On the sleep front, I have been trying to get up in a more orderly fashion since I committed to working with more discipline.  I have been setting the alarm and attempting to get up when it goes off like actual real people do. I had a modicum of success with this until last Friday when I set the alarm for 7.00 a.m. Apparently I did ‘wake up’ because when Jason said; ‘Why the fuck did you set the alarm so early?’ I said: ‘So I can get some more sleep,’ turned it off and started snoring. He got up instead of me and was quite grumpy when I finally surfaced at half nine. I can’t think why.

So I am very tired today. Very tired and somewhat tetchy. Everything is scritching at me like the mice in the wainscot a la Mariana of the Moated Grange (why, why does my brain remember things like this but not how to do, say, tax returns?). I found myself reading a tweet by someone who said she was sick of women writing articles about nice things like how much solace they take in their friendships, and how nature has saved their mental health, and where is the edge and the grit? And I found myself grinding my teeth and shouting.

Because, lady, LADY! I say, this with my finger wagging.  When you live constantly on the edge, and your whole fucking life is full of grit, and your eyeballs scratch with tiredness and your bed has rocks in, and your mind tumbles all night long whether you are awake or asleep, and you are always perilously close to the edge of a nervy B (thanks Georgia Nicholson) and everything seems fragile and ephemeral, maybe kindness and friendship and nature are pretty fucking radical concepts.

Have you ever thought about that? Have you ever thought about the fact that if you have to put one more brave face on it, or style something out, or pretend that that doesn’t hurt, or that your heart isn’t aching in your chest every fucking moment of every fucking day, because really why does the bus driver need to know that, that you might scream? Have you ever thought that if you have to find some mordant, dark wit in something that is actually tearing into your soft parts like knives because if you don’t you think you will just fall into a thousand quivering pieces there on the floor, that maybe you don’t need any more of that edgy shit?

I’ve been living with shocking mental health since I was seventeen years old. At that time I learned, for better or worse, that there wasn’t really a lot of softness in the world for people like me. There was a lot of ‘have you done exercise/taken vitamins/meditated/pulled your fucking self together/taken pills/got help/shut up.’ There was a lot of that.

And because I had done all those things and still felt mad, there wasn’t anything else to say about it. So I learned to fill in the silences with funny stuff, and edgy stuff, and angry stuff, and self flagellating stuff that became flagellating other people because it was easier and it gave me a brittle carapace to hide behind.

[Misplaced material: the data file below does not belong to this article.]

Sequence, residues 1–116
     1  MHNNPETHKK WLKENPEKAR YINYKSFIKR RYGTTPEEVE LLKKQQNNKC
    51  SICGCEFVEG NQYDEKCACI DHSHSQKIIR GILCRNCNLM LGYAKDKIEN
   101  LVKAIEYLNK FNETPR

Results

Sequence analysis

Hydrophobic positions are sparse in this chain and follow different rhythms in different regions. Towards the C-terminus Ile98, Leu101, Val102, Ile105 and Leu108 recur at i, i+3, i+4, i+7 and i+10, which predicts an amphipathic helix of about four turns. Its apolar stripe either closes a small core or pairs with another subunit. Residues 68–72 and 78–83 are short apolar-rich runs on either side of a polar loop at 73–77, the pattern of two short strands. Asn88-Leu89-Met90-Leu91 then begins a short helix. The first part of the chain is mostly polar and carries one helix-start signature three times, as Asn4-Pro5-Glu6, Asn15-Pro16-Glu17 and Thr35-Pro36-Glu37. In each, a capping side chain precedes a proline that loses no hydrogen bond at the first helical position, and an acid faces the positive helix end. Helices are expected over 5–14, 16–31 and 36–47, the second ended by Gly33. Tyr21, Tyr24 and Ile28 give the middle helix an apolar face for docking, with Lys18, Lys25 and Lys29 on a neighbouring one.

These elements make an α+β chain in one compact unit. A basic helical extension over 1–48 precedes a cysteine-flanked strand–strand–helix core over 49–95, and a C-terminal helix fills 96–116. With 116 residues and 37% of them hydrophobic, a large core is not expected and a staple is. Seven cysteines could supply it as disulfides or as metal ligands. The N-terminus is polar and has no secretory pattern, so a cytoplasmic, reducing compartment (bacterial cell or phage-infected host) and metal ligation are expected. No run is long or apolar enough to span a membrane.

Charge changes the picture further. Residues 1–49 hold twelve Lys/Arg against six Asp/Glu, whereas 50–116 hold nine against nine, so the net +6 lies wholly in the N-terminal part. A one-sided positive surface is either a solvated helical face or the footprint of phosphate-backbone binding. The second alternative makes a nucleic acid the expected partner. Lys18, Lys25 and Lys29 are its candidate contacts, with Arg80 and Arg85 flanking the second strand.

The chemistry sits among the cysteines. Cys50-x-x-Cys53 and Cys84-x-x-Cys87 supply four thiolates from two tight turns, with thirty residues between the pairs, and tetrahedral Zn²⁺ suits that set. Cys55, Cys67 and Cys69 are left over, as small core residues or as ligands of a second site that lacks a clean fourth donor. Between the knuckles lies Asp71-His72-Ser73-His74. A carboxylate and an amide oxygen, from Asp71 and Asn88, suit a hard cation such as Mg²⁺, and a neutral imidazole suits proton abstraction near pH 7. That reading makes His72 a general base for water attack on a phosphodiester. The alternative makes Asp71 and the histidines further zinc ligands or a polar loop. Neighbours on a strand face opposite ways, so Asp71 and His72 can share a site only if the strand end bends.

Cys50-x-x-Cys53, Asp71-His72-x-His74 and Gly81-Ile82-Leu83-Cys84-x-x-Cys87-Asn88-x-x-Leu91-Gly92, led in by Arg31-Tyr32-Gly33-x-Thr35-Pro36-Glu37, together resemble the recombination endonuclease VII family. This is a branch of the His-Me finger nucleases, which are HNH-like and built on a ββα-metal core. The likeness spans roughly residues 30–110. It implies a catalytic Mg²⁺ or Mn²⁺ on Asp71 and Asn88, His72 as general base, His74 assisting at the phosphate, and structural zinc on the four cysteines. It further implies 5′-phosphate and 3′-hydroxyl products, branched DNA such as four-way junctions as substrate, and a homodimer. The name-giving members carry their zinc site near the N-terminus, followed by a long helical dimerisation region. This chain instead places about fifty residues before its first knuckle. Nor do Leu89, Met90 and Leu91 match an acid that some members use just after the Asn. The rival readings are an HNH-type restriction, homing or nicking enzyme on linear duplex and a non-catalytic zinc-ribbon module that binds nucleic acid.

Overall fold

But what I didn’t learn until much, much later, when I had children of my own, was that what mostly works is the stuff you’ve taken the piss out of all those years you were pouring salt into the wounds and edging it.

What mostly works is kindness, generosity, friendship, care and thoughtfulness, to yourself and others. Nature, not so much. Not for me, but for others, sure. For me, cooking, reading and writing works instead. Not going out every night drinking so that I can pass as normal, that works for me too, these days. Staying at home, learning to be myself, learning to be by myself, only going out if I want to instead of going out in case I miss something. Learning to love myself enough to value who I am and not who I think I might want to be when I grow up, only noticing the lack.

Boring things that are not dark and clever. They’re simple, familiar, connecting, kind.

What I also learned is that those things are not really fluffy at all. They’re really fucking hard.  It’s really balls out brave to be kind to yourself, to be nice to other people, to share what you have, to take care of yourself.  It doesn’t mean you’re weak, and it doesn’t mean that people can take advantage of you, not if you do it right.

So, I wanted to say all that to that woman, because I am tired, and vulnerable and on edge, and I felt like taking it out on someone.

And then I didn’t. Because she probably didn’t mean it like that. It’s not a good medium to express yourself in. And I am not unaware of the irony of bawling someone out about mutual kindness. I’m fairly sure that she meant that women should be allowed to write dark, visceral journalism, and I don’t disagree.  I do think there’s room for journalism about kindness and saving each other with love and friendship too, though.

And the other reason I didn’t was because I was being kind, but not to her. I was being kind to me. Because I don’t want to be that brittle, angry person any more. And that isn’t easy, because I’m really good at being that person. I’ve been being that person for about thirty years now and I’ve got her off to a fine art, but it is possible to change. My daughter has been showing me that over the course of our adventures together over the last year, so I’m going to give it a go.

 

 

 

 

The Light in the Dark